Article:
Shuttle Ejection Escape Suit

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Shuttle Ejection Escape Suit

The Shuttle Ejection Escape Suit used from STS-1 (1981) to STS-4 (1982) by a two-man crew used in conjunction with the then-installed ejection seats. It allowed ejections up to Mach 2.7 and 24.4 km (80,000 ft).[1] The suit was manufactured by the David Clark Company of Worcester, Massachusetts. It was derived from the USAF Model S1030 suit, which at the time, was being worn by SR-71 pilots.[1] Both the ejection suits and ejection seats were removed after the Shuttle became certified.[1]

Specifications[edit]

  • Name: Shuttle Ejection Escape Suit (S1030A)[2][1]
  • Derived from: USAF Model S1030[2][1]
  • Manufacturer: David Clark Company[2]
  • Missions: STS-1 to STS-4[1]
  • Function: Intra-vehicular activity (IVA) and Ejection[2]
  • Operating Pressure: 2.7 psi (18.6 kPa)[2]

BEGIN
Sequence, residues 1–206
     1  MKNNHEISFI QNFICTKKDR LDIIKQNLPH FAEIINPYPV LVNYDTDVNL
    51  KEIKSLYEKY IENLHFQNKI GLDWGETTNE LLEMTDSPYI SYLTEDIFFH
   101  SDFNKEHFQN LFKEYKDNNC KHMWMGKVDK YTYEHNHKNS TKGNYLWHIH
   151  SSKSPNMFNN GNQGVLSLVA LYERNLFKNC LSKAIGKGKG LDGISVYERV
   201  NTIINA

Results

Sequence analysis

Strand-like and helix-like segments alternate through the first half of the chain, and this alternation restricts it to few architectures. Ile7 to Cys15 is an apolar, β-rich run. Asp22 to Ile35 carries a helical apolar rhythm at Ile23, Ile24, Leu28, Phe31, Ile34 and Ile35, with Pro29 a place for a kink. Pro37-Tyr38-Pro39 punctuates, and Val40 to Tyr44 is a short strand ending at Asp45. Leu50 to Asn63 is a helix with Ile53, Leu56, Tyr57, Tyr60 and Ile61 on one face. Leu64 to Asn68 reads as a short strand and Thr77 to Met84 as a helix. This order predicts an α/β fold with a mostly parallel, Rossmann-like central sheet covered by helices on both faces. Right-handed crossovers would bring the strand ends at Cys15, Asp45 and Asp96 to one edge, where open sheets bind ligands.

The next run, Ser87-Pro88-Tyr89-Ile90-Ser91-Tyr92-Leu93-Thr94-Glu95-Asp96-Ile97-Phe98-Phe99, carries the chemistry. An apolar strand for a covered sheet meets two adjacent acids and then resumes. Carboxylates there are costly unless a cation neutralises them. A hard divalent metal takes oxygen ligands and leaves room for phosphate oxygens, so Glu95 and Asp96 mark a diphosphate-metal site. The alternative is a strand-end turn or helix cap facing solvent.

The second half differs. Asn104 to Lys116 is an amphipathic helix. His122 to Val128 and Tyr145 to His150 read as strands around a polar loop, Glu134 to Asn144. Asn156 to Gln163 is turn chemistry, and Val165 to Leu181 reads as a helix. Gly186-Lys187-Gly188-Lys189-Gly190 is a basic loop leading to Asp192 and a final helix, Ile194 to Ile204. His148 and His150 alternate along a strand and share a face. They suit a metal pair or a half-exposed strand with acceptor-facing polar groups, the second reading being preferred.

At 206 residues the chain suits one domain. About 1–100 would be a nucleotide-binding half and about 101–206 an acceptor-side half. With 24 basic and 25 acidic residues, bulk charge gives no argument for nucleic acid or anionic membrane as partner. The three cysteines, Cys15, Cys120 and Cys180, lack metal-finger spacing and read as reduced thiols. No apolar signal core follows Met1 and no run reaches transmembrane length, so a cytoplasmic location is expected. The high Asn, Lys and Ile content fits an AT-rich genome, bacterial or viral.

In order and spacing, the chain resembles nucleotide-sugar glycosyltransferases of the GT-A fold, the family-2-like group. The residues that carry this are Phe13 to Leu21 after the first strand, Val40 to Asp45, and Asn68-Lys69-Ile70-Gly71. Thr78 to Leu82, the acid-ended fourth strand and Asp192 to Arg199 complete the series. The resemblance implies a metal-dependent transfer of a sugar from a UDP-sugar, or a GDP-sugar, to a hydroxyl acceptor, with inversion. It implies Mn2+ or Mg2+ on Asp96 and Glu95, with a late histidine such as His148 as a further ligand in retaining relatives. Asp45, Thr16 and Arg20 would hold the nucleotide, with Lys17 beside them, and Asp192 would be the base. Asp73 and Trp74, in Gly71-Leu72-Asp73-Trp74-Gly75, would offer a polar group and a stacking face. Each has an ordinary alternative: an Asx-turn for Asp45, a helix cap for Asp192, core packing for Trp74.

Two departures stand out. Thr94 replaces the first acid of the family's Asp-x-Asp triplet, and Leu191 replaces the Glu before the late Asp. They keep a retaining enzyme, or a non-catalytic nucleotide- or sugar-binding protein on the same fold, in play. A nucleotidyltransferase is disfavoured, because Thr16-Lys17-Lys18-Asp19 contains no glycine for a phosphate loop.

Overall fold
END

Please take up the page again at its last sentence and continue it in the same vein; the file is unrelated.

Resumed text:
• Suit Weight: 40 lb (18 kg)[2]
  • Primary Life Support: Vehicle Provided[2]
  • Backup Life Support: Vehicle Provided[2]

Images[edit]

References[edit]

  1. ^ a b c d e f Daniel M.Barry and John W. Bassick (July 1995). "25th International Conference on Environmental Systems: NASA Space Shuttle Advanced Crew Escape Suit Development". San Diego, California: David Clark Company/SAE International. Retrieved 6 October 2014. 
  2. ^ a b c d e f g h Kenneth S. Thomas & Harold J. McMann (2006). US Spacesuits. Chichester, UK: Praxis Publishing Ltd. p. 374. ISBN 0-387-27919-9.